It happens every December. The holiday season brings with it hordes of online shoppers, and — despite having months to prepare — many websites aren’t able to keep up. Homepages are slow to load, images are missing, strange error messages pop up during checkout, and sites fail to respond entirely. The not-so-jolly result: lost sales.
Keynote Systems has measured the performance of top retail websites during the holiday period for the past several years. According to its studies, the average time required to complete a purchase gets longer and longer from Thanksgiving through December. The slowest sites can take as long as 13 seconds or more to complete a transaction (note that this is the average amount of time spent, on a fast connection, waiting for the site’s servers to respond). If your site is slow in August, chances are the increased traffic at the end of the year will overwhelm your servers and make it even slower.
It doesn’t have to be this way. After all, the holidays really shouldn’t surprise anyone. But preparing for holiday traffic (or other predictable surges in the amount of visitors to your site, such as the thousands of baseball fans who overwhelmed MLB.com and Tickets.com this week in search of World Series tickets) is about 50 percent computer science and 50 percent seat-of-the-pants management.
Mike Gilpin, research manager at Giga Information Group, says that the usual advice for website capacity planning is to look at the biggest peak in traffic your site has experienced so far and then build enough server and network capacity to handle five times that number of visitors. That would probably be a luxury for most IT departments, however (good luck convincing the bean counters that you need to buy five times as many servers as you’ve ever needed in the past). “Obviously that’s very expensive, and not everybody can do that,” Gilpin acknowledges.
A more realistic solution, if you’re concerned about how your site will hold up during the coming holiday season, is to rent extra capacity. Internet service providers can provision you with more T-1 lines, if necessary, or you could pay a Web-hosting service to supply you with extra servers. It’s temporary, but it can get you through the next few months.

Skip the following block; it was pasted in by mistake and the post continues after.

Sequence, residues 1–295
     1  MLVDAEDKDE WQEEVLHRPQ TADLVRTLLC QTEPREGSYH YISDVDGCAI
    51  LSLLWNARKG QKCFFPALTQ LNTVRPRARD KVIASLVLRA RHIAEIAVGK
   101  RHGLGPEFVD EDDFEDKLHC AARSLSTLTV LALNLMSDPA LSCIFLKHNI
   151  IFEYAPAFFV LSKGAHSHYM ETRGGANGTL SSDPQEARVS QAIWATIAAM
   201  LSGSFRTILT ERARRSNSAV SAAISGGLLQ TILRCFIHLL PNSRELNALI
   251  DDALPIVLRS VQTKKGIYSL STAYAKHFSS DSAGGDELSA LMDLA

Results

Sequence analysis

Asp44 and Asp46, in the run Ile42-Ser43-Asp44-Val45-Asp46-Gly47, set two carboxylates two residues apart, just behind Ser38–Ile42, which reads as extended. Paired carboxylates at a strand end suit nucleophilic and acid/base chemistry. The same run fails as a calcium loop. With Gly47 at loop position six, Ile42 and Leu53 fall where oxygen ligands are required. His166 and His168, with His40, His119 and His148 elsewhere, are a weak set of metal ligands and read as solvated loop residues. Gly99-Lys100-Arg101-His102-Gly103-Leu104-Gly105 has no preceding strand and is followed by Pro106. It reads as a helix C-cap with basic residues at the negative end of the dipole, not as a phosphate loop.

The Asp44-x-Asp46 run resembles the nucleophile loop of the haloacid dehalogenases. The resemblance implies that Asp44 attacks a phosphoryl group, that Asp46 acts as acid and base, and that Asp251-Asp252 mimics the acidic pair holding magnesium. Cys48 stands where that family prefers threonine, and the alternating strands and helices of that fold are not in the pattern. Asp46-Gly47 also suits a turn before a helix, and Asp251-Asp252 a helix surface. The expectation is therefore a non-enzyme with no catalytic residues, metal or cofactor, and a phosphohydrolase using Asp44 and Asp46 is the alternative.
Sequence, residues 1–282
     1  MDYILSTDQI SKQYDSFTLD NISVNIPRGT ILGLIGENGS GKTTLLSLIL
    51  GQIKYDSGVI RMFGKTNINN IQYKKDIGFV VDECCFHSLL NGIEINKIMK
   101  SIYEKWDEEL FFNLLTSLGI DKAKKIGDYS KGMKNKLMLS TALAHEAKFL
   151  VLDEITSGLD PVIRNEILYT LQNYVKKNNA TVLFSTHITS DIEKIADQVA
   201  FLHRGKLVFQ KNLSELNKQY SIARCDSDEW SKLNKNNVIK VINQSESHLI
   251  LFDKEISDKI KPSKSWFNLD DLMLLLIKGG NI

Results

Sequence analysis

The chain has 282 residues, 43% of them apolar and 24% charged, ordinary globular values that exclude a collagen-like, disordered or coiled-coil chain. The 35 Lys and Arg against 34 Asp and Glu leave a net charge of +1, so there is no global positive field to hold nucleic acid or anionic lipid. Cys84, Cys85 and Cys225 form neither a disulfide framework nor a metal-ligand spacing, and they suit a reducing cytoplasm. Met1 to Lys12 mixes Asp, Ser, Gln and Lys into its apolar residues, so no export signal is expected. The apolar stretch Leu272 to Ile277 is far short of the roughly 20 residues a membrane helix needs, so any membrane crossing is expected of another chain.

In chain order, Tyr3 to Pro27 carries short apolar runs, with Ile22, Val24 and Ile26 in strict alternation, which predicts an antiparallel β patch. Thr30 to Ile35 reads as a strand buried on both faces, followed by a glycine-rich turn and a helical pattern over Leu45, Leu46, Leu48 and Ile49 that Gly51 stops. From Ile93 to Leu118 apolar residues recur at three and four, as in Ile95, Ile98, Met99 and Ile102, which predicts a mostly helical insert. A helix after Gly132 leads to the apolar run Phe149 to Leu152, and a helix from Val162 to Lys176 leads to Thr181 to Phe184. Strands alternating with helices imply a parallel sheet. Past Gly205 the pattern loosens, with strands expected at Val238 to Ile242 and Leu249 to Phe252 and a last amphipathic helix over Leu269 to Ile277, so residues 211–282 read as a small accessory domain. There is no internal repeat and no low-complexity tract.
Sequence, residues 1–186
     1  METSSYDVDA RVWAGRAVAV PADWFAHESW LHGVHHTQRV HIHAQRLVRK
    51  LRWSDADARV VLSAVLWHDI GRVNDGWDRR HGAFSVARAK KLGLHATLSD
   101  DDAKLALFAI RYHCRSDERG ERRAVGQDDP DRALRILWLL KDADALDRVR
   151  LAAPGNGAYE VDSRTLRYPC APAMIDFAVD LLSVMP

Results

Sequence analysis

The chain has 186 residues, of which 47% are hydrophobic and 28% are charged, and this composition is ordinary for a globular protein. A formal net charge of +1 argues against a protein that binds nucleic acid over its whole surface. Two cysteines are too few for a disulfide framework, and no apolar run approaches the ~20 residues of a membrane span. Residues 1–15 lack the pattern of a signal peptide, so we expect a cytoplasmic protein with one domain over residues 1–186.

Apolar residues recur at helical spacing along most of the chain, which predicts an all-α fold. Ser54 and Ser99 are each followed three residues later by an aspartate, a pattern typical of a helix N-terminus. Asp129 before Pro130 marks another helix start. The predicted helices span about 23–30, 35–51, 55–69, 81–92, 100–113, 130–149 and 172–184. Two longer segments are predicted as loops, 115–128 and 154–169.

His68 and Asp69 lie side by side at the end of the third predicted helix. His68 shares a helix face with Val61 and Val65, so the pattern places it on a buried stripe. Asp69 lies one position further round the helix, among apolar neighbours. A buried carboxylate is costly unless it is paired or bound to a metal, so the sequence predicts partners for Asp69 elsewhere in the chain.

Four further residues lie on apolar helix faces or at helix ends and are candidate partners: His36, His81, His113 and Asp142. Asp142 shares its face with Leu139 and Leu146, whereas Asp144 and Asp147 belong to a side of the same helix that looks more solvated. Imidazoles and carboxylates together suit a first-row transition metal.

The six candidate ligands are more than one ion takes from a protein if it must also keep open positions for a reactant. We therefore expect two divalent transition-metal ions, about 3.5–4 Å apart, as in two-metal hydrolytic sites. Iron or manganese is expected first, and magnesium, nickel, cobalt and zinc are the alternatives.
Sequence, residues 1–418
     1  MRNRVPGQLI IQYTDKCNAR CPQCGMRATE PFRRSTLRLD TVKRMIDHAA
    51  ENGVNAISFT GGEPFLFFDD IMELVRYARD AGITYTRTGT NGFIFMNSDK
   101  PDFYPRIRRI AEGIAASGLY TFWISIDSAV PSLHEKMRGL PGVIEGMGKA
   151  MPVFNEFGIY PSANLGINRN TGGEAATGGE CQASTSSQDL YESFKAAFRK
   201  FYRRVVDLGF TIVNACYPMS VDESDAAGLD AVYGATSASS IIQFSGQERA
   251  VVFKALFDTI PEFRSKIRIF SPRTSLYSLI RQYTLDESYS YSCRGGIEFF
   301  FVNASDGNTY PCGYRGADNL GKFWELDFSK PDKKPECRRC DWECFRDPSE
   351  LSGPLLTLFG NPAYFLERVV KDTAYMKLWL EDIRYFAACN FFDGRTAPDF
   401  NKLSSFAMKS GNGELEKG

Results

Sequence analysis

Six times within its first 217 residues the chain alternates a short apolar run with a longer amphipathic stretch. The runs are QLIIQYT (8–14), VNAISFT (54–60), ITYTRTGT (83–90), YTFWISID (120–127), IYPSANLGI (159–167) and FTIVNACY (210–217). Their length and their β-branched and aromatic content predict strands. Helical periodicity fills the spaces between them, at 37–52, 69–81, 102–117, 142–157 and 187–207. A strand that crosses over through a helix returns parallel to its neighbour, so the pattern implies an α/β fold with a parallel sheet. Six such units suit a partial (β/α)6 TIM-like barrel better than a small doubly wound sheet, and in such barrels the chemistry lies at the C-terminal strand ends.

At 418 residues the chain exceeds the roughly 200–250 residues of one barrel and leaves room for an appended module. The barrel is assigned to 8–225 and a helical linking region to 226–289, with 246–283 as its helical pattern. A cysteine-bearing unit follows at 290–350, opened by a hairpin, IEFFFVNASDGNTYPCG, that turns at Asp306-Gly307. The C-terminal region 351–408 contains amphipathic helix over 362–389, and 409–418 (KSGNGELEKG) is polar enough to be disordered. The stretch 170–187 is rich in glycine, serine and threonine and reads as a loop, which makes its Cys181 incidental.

A more long-term solution — admittedly, one you aren’t likely to get to before December — is to go through your site, page by page, application by application, and make sure it’s put together as efficiently as possible. Most commercial websites are on their third or fourth versions, so the quick-fix problems have probably been rectified already. Now, says Willy Chiu, vice president of IBM’s high-volume website team in San Jose, the biggest problem is coordinating the various technology and business teams. Websites have become increasingly complex, with multiple tiers of infrastructure: Web servers (to deliver HTML and graphics to customers’ Web browsers), application servers (to assemble webpages from various elements), databases, the data center’s network, and a connection to the Internet via an ISP. (See Business 2.0’s “E-Business Parts List” for a more detailed explanation.) Web performance problems could happen anywhere along this chain, especially if the various parts aren’t coordinated.